The full text of the letter is here and below:

Dear Secretaries Vilsack and Haaland:

Thank you for your leadership in stewarding America’s national forests and public lands to benefit our climate, watersheds, wildlife, and communities. We are writing to you today to ask your agencies to move forward with your obligations set out in the Infrastructure Investment and Jobs Act (IIJA) to protect and restore ancient forests and encourage you further to take additional steps to protect other carbon-rich mature forests across the nation in the long term.

We appreciate that the Forest Service’s Climate Adaptation and Resilience Plan (Climate Plan) and its 10-Year Wildfire Strategy each emphasize the importance of strategic implementation of hazardous fuel treatments and prescribed fires. to reduce wildfire risk and increase forest restoration. However, in light of the worsening climate crisis, it is also imperative that the United States expand this effort and maximize the climate value of mature and old-growth forests across the country and as part of the response and strategies. USDA and DOI climate data.

As you know, the IIJA included historic investments in forest restoration on national forests and public lands. Among other investments, Section 40803(a) allocates $3.4 billion to reduce wildfire risk and restore forests on these lands. In addition to the additional requirements, IIJA Section 40803(g)(6) requires prioritization of funding for projects that:

fully maintain or contribute to the restoration of the structure and composition of old-growth stands consistent with the characteristics of that forest type, taking into account the contribution of the old-growth stand to the fire adaptation of the landscape and the health of the watershed , unless the old-growth stand is part of a science-based ecological restoration project authorized by the appropriate Secretary that meets applicable objectives for the protection and enhancement of old-growth forests, as determined by the appropriate Secretary.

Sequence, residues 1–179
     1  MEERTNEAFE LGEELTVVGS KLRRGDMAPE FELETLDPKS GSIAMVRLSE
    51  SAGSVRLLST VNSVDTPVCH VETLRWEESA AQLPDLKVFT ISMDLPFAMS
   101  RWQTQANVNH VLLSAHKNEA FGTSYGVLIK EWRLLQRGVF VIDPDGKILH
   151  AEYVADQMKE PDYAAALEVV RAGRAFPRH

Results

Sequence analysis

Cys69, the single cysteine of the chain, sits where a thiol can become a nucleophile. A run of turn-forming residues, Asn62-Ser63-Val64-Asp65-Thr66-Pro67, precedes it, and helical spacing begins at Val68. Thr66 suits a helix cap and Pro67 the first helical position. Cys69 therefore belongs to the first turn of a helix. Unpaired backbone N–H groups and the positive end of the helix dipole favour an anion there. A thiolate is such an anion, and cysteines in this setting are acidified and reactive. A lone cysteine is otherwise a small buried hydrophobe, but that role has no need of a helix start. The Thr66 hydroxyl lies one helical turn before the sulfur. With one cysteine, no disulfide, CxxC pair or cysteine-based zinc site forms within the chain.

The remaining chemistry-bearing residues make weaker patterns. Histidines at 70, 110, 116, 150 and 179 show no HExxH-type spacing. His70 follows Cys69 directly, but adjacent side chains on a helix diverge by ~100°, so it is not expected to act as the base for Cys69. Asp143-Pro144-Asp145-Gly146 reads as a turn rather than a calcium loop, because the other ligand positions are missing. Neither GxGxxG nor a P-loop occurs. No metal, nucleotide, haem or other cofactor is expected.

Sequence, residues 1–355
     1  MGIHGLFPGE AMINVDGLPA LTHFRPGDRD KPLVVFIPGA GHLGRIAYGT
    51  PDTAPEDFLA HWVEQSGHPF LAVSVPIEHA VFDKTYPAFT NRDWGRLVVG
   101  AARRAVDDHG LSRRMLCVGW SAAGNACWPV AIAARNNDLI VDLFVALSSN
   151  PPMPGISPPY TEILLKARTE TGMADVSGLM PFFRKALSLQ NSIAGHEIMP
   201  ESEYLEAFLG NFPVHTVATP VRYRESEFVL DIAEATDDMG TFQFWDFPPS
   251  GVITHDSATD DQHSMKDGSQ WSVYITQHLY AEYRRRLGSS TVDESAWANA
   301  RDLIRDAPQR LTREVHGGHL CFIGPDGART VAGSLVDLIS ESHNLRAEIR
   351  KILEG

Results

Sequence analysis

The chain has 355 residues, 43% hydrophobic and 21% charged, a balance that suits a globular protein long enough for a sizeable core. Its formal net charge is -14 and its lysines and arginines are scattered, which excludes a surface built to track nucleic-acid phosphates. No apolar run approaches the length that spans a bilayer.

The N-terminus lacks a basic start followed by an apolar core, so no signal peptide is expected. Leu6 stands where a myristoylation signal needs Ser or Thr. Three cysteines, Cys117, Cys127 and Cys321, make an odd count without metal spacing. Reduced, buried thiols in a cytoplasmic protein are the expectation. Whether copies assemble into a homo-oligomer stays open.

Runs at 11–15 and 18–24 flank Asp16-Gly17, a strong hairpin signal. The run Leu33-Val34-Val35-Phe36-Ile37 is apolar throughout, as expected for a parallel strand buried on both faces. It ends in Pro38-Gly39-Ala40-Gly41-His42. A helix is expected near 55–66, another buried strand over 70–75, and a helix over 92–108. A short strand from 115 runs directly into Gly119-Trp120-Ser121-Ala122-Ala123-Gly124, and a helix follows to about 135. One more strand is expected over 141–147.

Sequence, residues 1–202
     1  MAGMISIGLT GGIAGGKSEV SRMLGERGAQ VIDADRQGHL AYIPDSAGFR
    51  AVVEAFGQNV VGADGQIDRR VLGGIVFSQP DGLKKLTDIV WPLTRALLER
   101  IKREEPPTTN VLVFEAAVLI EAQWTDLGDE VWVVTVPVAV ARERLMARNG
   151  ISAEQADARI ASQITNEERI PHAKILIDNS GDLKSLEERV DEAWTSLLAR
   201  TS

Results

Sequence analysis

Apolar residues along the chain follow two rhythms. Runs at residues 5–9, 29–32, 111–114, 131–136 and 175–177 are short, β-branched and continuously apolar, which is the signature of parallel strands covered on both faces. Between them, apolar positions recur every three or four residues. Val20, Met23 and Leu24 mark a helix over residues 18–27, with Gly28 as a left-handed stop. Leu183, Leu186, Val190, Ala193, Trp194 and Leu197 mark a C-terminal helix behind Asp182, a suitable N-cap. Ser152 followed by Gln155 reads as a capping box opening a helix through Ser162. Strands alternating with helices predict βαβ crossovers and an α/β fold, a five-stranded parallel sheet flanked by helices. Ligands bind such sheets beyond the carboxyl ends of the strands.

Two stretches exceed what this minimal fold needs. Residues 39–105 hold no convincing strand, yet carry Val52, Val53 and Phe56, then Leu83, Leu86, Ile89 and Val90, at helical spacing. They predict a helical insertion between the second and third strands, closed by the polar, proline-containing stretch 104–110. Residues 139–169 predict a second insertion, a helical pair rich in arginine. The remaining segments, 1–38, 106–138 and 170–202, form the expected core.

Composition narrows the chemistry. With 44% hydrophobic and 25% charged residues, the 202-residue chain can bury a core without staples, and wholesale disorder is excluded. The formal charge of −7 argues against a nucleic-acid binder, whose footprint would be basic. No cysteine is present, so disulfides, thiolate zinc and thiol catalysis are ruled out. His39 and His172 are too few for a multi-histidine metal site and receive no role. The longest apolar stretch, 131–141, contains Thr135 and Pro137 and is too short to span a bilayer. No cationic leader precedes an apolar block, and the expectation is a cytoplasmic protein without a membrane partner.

We consider this language to be consistent with the goals of the 10-Year Wildfire Strategy and it is clear that Congress recognizes the importance of protecting and restoring ancient forests to improve climate action, biodiversity and climate resilience. fire. Therefore, we respectfully request that you respond to the following questions by March 31, 2022:

  1. What specific steps are the USDA and DOI planning to take to move in this direction for the implementation of their climate plans, 10-year wildfire strategy, and other agency planning processes?
  2. What monitoring requirements and measures will the USDA and DOI use to analyze the progress of protecting and restoring these forests across the country? Specifically, what performance metrics do you intend to use to report progress to Congress given that “acres treated” do not incorporate the preservation or restoration of old-growth forests? How do you plan to develop new spatially explicit and outcome-based performance measures to track and report progress in restoring and preserving ancient forests?
  3. What are the priority projects for restoring mature and ancient forests with IIJA funds under the 10-year plan? What projects do you plan to fund in the first two years of IIJA implementation and how do you plan to select projects in future years?
  4. The ten-year strategy uses the concept of pools of fire. How is old-growth restoration integrated into the pool of fire model? If not, how do you plan to ensure that old-growth forests are prioritized in your fund allocation approach?

Moreover, these efforts should clearly aim at the goal of establishing a general policy beyond the implementation of these short-term funds and projects that will protect old growth forests and other mature carbon-rich forests across the country. The important climate and biodiversity values ​​of old-growth forests that Congress has emphasized in this provision exist in all federal forests, not just in the most fire-prone areas, and not just in old-growth forests, but also in mature forests. carbon-rich. The protection of these values ​​over the long term is essential to the achievement of the Administration’s commitments in terms of climate and biodiversity protection.

Thank you for your leadership in stewardship of America’s national forests and public lands. We look forward to supporting you in this important work.

Truly,
Source: Senator Alex Padilla